Many of us feel overworked and underpaid. It’s a common mantra in today’s fast-paced world. So let’s examine the signs that could signal you’re working too much, as well as ways you can address the situation if it’s a problem. But first, it’s important to take a hard look at exactly what’s driving those who are overworked.
A recent discussion among family and friends on this subject yielded some interesting revelations: several admitted that a large part of what drove them to overwork was none other than themselves. Chalk it up to a strong work ethic, wanting to be the hero, or the fear (real or perceived) of others thinking negatively about them, some people find themselves juggling an unreasonable amount of work because they choose to do so.
Still others take on too much work in an effort to advance in the workplace, impress their superiors or because they’re just naturally overachievers. Still others are truly at the mercy of a work culture that places unrealistic expectations on how much work one person can physically and emotionally handle and/or who are trying to eke every penny of productivity out of their employees in order to cut costs and keep expenses low.
Then there are those who truly believe they are overworked, but realistically are not. But that’s a discussion for another time.
Warning Signs You’re Working Too Much
Before we talk about solutions, consider the signs indicating you’re overworking. According to Caroline Castrillon, a career and life coach writing in Forbes Magazine, here are the most critical signals of being overworked:
- You have trouble disconnecting
- You are doing the work of multiple people
- You work overtime on a regular basis
- You’ve lost your passion
- You feel constantly distracted
- Your productivity is decreasing
- You lack energy for simple tasks
- Your health is deteriorating
- Your personal relationships are suffering
Your First Steps
One of the first steps to take to address your out-of-control workload is to honestly and objectively assess the situation and get to the root of what is causing the imbalance between work and your personal life. Only when you have identified the reasons can you find workable solutions.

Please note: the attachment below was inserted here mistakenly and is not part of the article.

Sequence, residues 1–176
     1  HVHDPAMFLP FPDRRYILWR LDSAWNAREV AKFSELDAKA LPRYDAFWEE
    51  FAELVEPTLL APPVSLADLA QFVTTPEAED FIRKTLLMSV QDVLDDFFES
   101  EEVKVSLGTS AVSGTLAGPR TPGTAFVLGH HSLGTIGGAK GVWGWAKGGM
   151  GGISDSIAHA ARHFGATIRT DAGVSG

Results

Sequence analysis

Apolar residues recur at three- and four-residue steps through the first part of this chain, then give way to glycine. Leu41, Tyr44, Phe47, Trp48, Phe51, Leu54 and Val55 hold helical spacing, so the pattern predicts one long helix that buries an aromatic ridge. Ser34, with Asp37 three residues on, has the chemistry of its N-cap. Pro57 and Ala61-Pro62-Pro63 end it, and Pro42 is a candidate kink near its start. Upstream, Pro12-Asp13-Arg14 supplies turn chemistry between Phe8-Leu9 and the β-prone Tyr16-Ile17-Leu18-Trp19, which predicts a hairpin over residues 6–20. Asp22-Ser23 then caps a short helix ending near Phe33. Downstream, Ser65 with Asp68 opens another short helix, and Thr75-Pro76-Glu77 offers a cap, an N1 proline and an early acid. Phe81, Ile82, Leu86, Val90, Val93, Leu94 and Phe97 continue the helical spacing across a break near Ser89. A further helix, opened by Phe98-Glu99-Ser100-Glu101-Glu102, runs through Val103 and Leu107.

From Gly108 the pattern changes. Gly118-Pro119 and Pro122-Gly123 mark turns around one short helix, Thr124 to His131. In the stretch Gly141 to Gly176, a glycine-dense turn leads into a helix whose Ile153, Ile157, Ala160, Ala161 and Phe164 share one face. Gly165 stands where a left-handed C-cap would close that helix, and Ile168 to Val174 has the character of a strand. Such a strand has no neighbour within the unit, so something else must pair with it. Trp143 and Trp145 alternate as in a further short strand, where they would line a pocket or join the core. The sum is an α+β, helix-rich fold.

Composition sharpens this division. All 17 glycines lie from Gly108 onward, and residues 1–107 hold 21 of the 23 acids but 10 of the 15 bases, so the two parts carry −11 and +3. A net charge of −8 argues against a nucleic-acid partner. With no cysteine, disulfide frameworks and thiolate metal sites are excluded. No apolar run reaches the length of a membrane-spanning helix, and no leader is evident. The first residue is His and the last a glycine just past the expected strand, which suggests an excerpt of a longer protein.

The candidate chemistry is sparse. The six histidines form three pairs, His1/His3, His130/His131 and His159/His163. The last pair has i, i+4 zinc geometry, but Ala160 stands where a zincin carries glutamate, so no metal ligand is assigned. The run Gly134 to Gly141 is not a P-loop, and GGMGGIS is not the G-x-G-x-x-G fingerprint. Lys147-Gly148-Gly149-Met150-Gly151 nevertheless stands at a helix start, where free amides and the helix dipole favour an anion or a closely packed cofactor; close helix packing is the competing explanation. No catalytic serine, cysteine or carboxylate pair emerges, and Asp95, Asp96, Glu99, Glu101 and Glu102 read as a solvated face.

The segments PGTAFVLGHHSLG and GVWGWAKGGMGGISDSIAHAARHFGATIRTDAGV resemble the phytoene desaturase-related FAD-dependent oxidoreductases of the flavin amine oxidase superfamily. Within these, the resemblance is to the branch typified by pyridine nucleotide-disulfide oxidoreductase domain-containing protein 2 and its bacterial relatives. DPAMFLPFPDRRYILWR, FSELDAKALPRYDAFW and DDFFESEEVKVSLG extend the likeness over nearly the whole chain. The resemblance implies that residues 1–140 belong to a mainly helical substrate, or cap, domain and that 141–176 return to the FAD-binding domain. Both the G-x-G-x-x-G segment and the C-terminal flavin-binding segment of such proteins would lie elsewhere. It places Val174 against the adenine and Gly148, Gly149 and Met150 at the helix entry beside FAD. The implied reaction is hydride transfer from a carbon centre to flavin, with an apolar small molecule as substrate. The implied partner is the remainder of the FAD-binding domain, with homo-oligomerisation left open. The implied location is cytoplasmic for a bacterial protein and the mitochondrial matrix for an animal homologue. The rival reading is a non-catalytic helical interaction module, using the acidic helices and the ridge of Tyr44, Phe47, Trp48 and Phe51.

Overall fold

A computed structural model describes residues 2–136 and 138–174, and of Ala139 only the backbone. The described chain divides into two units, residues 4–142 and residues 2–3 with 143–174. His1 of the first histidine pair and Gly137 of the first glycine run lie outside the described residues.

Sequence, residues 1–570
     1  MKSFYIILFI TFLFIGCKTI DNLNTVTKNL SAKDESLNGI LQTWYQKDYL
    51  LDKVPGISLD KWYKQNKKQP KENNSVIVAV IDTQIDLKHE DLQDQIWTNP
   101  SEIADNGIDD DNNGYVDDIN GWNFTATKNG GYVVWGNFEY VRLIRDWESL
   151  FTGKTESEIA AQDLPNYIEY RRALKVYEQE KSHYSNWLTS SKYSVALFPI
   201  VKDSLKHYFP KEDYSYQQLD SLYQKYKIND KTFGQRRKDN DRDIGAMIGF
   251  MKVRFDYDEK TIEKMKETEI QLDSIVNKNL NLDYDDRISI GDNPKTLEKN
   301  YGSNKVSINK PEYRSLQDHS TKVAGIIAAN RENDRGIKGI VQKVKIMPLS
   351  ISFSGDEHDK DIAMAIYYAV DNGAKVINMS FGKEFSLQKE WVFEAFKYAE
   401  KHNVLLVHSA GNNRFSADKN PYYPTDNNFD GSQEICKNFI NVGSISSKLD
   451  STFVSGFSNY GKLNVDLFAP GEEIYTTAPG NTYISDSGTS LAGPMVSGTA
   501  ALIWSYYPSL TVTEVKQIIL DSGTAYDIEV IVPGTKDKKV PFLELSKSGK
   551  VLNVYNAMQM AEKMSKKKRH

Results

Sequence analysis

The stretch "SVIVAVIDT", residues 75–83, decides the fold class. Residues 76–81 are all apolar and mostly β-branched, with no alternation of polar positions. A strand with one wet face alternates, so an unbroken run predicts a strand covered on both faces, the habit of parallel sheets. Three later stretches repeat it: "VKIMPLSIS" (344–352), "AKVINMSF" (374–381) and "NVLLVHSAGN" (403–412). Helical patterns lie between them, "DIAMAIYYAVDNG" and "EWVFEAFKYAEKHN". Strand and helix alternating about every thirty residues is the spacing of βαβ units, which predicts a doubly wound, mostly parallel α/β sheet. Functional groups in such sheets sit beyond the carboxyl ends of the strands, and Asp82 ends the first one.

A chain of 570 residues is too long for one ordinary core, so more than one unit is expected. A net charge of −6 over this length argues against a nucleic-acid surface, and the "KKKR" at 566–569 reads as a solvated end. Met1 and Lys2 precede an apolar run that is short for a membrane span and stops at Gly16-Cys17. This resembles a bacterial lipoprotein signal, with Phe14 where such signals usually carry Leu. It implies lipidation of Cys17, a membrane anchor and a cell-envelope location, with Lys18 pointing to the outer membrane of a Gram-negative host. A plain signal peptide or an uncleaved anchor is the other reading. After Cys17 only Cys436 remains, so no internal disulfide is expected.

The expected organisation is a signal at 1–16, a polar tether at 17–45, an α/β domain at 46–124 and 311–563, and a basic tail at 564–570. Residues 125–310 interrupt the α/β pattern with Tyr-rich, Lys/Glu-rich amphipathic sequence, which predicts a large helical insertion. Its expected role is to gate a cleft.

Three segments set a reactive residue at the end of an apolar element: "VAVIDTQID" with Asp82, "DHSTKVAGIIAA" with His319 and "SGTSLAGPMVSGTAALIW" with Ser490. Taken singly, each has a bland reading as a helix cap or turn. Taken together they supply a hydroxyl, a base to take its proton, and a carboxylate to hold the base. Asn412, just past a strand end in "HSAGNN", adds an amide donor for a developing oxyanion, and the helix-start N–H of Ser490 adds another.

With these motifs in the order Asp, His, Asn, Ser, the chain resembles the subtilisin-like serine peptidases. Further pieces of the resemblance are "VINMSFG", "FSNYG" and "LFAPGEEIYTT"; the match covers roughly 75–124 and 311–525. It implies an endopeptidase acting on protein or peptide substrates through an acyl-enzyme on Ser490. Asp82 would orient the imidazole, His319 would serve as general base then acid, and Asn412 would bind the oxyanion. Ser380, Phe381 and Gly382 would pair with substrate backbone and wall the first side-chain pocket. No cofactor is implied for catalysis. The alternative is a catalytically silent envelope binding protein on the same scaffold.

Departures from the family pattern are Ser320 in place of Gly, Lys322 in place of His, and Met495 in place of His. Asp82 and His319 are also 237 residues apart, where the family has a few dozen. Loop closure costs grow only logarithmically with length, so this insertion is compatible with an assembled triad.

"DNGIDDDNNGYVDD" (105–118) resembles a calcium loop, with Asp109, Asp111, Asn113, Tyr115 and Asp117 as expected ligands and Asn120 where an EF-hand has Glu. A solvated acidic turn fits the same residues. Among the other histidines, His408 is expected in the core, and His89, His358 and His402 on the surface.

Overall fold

For example, maybe you need to set boundaries or better communicate those boundaries to yourself and those around you. This might mean turning your work computer and cell phone off after hours or setting a schedule for when and how much you’ll check in outside of the typical work day. It could be setting a hard stop at the end of the day and sticking to it, when possible. Then manage expectations by letting your bosses and coworkers know the steps you are taking to lead a more balanced life.
Examining Your Workload
Another strategy would be to examine your workload with your supervisor and together establish priorities and timelines for performing the work. That way everyone has clear expectations for reaching goals and meeting deadlines.
Avoiding Burn Out
Another tactic to consider is to put yourself first for a change. Take advantage of leave time or delegate responsibilities when applicable. While this might sound unheard of to some, consider the downside: burn out, exhaustion, irritability and illness due to overwork ultimately result in a loss of productivity – the exact opposite of what you are trying to achieve.
Dealing With Unrealistic Expectations
Then again if you’re working too hard and too much because your employer has unrealistic expectations and the organizational culture is such that you have to grin and bear it if you want to get a paycheck, it might be time to make some changes. Dust off your resume, take classes to broaden your skills, research job opportunities and work to build confidence in yourself through the help of family, friends and perhaps even licensed professionals. Remember that life is too short to be miserable at work and only you can do something about it.